How Curious is That Octopus? MBL Project Documents Lives, Behaviors of Cephalopods

How Curious is That Octopus? MBL Project Documents Lives, Behaviors of Cephalopods

By Jennifer Tsang

Eric Edsinger needed 21 security cameras, not for a super top-secret project, but to get a glimpse into the lives of octopuses. Edsinger, a research fellow at the Marine Biological Laboratory (MBL), is developing a platform to observe and analyze the complex behaviors of cephalopods (octopus, squid, and cuttlefish) throughout their lifespans.

Each camera is suspended above an octopus tank in the MBL’s Marine Resources Center and monitors the behavior of the tentacled occupant day and night. The cameras constantly stream videos to the cloud; each week, a time-lapse video with 30- to 120-second intervals is downloaded to a computer. (Peek into the Octocam project website to see live feeds.)

For his initial experiment, Edsinger is video-tracking 21 California Two-Spot Octopuses (O. bimaculoides) for four months. This species was the first cephaloped genome to be fully sequenced in 2015 by an international team that included Caroline Albertin, now an MBL Hibbitt Fellow, and Edsinger.

The 21 “Octocam” octopuses were hatched in May and cultured for one month in tanks either with or without hiding places, before being separated into individual tanks. Each tank has an area where the octopus can see the outside world and an area that is blocked from view of other tanks. Edsinger’s initial quest is to see how their early upbringing might affect their social and other behaviors over time.

Even after just one day of monitoring the 21 octopuses, Edsinger will generate more than 15,000 images. To analyze the plethora of data, Edsinger is collaborating with Greg Gage of Backyard Brains, who is developing video analysis tools to study organismal behavior; and Brandon Weissbourd of Caltech, an MBL Whitman Center Research Awardee.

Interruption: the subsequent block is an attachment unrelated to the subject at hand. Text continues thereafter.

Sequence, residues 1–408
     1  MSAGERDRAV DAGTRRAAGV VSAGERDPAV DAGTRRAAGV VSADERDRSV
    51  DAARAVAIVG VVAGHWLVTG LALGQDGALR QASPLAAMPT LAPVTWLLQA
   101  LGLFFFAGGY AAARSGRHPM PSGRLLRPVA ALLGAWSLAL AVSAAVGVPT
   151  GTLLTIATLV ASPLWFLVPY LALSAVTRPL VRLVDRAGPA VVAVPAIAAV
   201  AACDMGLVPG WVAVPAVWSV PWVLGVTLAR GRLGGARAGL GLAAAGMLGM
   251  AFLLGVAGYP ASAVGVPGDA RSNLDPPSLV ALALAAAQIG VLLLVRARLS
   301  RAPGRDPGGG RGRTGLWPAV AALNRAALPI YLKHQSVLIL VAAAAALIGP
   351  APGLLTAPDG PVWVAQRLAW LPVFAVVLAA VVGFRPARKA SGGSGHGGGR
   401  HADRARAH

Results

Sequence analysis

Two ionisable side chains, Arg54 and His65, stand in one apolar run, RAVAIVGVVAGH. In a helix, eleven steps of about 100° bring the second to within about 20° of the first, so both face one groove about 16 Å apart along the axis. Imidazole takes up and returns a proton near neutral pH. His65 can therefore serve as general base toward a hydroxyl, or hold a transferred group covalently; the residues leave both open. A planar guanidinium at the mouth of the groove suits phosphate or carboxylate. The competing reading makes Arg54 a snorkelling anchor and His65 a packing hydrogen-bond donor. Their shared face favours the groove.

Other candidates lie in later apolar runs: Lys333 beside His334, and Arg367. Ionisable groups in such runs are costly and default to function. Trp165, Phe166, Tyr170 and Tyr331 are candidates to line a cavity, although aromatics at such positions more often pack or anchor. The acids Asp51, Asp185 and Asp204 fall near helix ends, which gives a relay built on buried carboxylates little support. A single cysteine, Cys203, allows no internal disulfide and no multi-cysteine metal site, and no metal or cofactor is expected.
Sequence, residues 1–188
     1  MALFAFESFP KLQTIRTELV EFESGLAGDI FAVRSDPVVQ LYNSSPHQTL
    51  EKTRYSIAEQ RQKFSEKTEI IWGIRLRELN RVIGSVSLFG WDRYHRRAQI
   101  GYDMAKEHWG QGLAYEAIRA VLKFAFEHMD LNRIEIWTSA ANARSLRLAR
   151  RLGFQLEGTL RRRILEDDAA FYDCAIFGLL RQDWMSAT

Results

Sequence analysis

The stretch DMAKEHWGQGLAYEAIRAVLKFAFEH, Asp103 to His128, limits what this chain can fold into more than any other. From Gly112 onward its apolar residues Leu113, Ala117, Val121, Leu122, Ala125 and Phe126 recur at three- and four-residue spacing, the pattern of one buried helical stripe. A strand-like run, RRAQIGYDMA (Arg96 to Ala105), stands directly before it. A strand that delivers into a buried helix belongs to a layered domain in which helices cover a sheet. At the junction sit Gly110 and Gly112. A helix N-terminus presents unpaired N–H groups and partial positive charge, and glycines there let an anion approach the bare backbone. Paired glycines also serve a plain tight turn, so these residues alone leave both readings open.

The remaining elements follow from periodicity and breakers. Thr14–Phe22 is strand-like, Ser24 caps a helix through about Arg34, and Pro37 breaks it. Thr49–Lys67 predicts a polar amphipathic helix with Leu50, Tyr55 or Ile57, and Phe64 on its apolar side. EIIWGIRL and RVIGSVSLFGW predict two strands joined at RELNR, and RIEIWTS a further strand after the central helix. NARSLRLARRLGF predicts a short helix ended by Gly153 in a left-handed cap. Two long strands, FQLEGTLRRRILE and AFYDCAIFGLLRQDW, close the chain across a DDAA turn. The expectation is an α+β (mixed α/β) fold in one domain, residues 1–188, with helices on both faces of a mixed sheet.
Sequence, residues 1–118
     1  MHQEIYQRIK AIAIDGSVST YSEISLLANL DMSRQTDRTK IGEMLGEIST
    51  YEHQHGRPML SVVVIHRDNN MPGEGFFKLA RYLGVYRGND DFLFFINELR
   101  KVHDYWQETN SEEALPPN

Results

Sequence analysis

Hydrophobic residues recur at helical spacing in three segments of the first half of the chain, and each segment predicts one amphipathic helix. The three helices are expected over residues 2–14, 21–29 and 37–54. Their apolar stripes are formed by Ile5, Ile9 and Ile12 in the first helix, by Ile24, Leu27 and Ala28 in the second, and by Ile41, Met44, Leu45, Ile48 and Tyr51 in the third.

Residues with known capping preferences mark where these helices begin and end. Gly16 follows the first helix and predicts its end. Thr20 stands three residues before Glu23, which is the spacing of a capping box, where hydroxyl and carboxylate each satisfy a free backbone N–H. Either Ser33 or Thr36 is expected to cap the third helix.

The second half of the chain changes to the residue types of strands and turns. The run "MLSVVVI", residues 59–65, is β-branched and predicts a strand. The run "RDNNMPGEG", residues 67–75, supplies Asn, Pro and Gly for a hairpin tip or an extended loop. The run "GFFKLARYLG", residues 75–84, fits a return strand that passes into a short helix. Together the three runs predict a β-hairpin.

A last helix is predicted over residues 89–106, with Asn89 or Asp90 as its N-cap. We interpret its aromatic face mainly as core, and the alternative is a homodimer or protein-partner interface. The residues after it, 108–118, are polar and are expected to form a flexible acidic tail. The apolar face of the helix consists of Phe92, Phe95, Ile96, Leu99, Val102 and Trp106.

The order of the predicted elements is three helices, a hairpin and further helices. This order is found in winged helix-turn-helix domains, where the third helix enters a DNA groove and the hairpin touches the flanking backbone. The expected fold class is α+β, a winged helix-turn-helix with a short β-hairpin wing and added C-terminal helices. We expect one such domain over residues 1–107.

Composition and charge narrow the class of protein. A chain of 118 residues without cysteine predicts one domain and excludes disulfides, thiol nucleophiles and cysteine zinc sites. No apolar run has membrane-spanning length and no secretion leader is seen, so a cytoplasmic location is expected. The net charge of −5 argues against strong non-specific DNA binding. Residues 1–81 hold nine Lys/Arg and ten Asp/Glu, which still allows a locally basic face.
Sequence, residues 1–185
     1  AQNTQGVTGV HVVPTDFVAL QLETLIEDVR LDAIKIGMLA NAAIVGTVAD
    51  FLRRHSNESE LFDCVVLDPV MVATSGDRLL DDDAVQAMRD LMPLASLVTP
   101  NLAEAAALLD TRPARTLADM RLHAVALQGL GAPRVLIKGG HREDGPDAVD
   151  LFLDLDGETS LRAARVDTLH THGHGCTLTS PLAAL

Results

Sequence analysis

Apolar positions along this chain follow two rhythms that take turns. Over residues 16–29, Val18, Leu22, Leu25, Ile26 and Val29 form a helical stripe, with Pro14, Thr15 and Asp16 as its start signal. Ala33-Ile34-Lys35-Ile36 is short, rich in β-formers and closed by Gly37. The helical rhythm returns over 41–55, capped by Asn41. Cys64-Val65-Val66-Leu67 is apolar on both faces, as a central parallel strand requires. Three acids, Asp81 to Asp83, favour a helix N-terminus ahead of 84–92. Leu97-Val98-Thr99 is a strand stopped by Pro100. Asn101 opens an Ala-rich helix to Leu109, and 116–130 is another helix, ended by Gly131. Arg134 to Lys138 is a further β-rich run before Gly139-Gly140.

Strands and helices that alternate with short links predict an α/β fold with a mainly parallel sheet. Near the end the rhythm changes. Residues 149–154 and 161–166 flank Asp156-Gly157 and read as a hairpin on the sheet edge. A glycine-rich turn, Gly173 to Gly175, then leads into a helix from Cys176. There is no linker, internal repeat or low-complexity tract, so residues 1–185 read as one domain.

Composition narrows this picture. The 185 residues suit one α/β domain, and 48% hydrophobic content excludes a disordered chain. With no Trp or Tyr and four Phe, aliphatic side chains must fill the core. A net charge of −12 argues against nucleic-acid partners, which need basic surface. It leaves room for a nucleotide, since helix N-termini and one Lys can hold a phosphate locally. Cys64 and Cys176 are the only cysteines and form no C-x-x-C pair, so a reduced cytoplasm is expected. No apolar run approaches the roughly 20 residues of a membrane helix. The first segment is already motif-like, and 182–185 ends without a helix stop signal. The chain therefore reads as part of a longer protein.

The 21 octopuses in individual tanks are videotaped night and day; new data analysis tools to identify behaviors are in development. More project information is at

Once the monitoring system is optimized, Edsinger and other investigators can ask a myriad of questions. When are the octopuses more active? How do they interact with one another or with people?

“It’s really easy to collect large amounts of data simply [with this system],” he says. “I know we can scale up and do more interesting behavioral work.”

Ultimately, Edsinger plans to monitor pygmy squid because of its short lifespan (4-6 months, as compared with 14 months for O. bimaculoides). “If a cephalopod has a 4-6 month lifespan, we could get lifespan behavioral datasets,” Edsinger says. He will also monitor the pygmy octopus, one of the smallest octopuses that may be ideal for research on brain and behavior.

“This system is an engineering and behavioral research experiment effort of all of us,” says Edsinger. Current collaborators among MBL staff include: Katie Dever (culturing and tank design), John Carr, Jerome Girard, and Dan Calzarette (design and engineering of seawater and electrical systems), Dave Remsen (video support), and MBL summer interns Jonathan Marvel-Zuccola and Joy Miao (design/build of project website), Peter Newstein and Malaika Cordeiro (building the system, octopus care, website assistance).

While observing octopuses may seem like a game of hide and seek, long-term monitoring can reveal much about the complex behaviors and lifestyles of these unique organisms.

Top photo: A young Octopus bimaculoides peers out of her den. Credit: Caroline Albertin and Abigail Point